J. M. Atwatee, President.
Festcs Foster, Secretary.
Nixon Elliott vs. Alice Jeffries; motion
to dissolve garnishment denied.
Martha B. Reese vs. Will H. Collin et
aL; judgment for plaintiff vs. WillH.
Collin for $844.53.
M. Dorrance vs. E. P. Mulvey etal.:
judgment for plaintiff vs. E. P. Mulvey,
J. R. Henchen and P. C. Beattie for.
Chas. R. Fordham vs. Rachel Welford
et al., dismissed at costs of plaintiff.
Nixon & Harris vs. Rachel J. Martin;
judgment for plaintiff vs. defendant for
Florence Kenworthy vs. Silas Ken
worthy, a divorce case filed some time ago,
was yesterday dismissed at costs of de
fendant. W. G. Wilsons. E. T. Miller et al.; dis
missed at costs of plaintiff.
C. H. Abbott vs. R. S. Wingard et ah;
judgment for plaintiff for costs.
A. Bucker vs. L. Bucker, a divorce
granted plaintiff on the grounds set forth
State of Kansas vs. Frank Cheney, ap
State vs. Jack A. Gleason, plea in abate
State vs. Joseph Hansan and Jay Brew
was on trial most of the day. The defend
ants were accused of stealing certain arti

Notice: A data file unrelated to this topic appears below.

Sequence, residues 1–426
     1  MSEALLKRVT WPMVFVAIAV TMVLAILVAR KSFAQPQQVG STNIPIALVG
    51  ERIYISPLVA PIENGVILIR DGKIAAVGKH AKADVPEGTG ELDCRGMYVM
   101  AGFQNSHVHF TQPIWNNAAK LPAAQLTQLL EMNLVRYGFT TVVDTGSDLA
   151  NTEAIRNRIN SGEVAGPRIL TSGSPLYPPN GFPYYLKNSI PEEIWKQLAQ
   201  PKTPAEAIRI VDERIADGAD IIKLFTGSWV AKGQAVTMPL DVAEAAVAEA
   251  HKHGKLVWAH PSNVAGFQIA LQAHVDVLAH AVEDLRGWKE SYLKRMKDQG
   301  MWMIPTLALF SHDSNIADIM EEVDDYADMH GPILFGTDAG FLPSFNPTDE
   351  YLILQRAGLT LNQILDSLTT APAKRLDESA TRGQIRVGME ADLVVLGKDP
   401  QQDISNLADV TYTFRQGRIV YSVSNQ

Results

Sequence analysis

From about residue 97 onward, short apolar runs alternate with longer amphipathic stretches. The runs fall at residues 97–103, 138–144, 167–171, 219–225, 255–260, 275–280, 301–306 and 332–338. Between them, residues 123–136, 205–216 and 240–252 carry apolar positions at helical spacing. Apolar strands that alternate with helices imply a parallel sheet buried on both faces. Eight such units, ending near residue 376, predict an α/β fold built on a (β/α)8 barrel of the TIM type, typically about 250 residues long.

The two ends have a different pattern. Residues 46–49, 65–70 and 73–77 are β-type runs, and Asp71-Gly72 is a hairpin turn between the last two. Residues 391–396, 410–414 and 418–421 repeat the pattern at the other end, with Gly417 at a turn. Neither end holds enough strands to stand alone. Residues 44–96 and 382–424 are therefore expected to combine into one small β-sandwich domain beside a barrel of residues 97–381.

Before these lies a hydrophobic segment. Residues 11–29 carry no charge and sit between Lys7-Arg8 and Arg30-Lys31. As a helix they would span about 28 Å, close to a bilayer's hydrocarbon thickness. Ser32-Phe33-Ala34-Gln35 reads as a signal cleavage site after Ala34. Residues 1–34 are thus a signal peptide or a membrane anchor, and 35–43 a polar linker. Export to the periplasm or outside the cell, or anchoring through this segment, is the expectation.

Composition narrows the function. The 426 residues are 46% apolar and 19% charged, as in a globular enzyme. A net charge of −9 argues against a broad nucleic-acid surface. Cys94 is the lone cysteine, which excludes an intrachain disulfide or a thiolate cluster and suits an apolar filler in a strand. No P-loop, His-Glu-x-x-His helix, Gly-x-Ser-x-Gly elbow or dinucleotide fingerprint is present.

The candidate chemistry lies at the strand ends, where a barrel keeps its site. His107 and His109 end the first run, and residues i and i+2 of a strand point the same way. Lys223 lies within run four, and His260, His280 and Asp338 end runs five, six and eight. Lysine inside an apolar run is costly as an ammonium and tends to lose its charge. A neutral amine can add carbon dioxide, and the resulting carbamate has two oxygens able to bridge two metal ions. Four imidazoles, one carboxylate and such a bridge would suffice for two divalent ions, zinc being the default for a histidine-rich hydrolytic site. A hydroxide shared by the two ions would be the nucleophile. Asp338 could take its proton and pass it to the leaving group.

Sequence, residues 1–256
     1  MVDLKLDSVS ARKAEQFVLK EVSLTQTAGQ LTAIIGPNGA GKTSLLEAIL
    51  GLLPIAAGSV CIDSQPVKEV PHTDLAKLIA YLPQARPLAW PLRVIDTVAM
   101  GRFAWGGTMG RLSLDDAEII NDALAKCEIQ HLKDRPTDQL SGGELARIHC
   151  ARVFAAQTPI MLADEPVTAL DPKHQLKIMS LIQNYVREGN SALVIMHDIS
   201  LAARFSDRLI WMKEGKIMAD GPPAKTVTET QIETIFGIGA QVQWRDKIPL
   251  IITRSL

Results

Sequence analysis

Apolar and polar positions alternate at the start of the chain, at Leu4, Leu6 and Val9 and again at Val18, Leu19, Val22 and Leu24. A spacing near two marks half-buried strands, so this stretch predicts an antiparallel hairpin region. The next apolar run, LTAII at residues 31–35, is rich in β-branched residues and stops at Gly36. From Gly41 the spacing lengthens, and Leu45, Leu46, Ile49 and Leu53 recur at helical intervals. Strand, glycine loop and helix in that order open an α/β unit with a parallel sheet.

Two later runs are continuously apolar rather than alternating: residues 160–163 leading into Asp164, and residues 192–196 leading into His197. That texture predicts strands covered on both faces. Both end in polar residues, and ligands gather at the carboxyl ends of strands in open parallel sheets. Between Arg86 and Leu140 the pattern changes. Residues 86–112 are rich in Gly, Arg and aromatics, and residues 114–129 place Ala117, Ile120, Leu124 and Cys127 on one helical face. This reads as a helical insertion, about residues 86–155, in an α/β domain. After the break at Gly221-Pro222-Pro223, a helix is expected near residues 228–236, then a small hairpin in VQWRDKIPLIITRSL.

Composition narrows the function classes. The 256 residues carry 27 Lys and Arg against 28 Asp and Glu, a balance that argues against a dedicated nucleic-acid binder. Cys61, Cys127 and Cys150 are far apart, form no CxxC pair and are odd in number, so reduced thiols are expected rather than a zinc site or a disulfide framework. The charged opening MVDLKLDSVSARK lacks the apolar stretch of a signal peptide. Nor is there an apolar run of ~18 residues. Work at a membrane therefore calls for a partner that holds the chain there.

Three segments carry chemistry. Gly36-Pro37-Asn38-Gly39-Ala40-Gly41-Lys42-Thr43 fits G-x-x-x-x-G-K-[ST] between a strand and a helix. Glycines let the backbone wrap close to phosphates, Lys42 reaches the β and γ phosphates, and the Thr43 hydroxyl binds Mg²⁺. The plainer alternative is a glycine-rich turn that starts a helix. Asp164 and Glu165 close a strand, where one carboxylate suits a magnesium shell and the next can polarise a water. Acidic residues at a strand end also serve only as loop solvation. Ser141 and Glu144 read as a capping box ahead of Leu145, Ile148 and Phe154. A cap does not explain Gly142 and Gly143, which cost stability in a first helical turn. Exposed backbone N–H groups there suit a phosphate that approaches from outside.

cles of wearing apparel and household fur
nishing from A. P. Nichols, living east of
the city. The case will be continued to
day. Ida A. Eckert yesterday filed a suit for
divorce from Albert W. Eckert. The par
ties were married at Medicine Lodge, July
5. 1SSG, and had one child, Charles Albert
Eckert. She alleges gross neglect of duty
and and abandonment since July 22, 1837.
Letters of administration were yesterday
issued to T. L. Hawthorn in the estate of
Robert W. Elliott, deceased.
Hearingof the claim of Charles P. Down
ing against the estate of Richard B. Tarle
ton, deceased. The claim allowed for
Marriage license was yesterday issued
by Judge Buckner to Thomas W. Quick,
of Goddard, and Alice Davis, of Garden
An old man by the name of Hatfield was
yesterday locked up in tho city prison.
He was too drunk to answer to the two
charges preferred against him; being
drunk and making an indecent exposure
Willie Simpson was arrested for stealing
coal. Ho was brought into court, but was
discharged upon his own recognizance to
appear this forenoon.
Warrants issued yesterday charged the
following persons with erecting buildings
without first procuring the necessary per
mits from the fire marshal: Frank Lewis,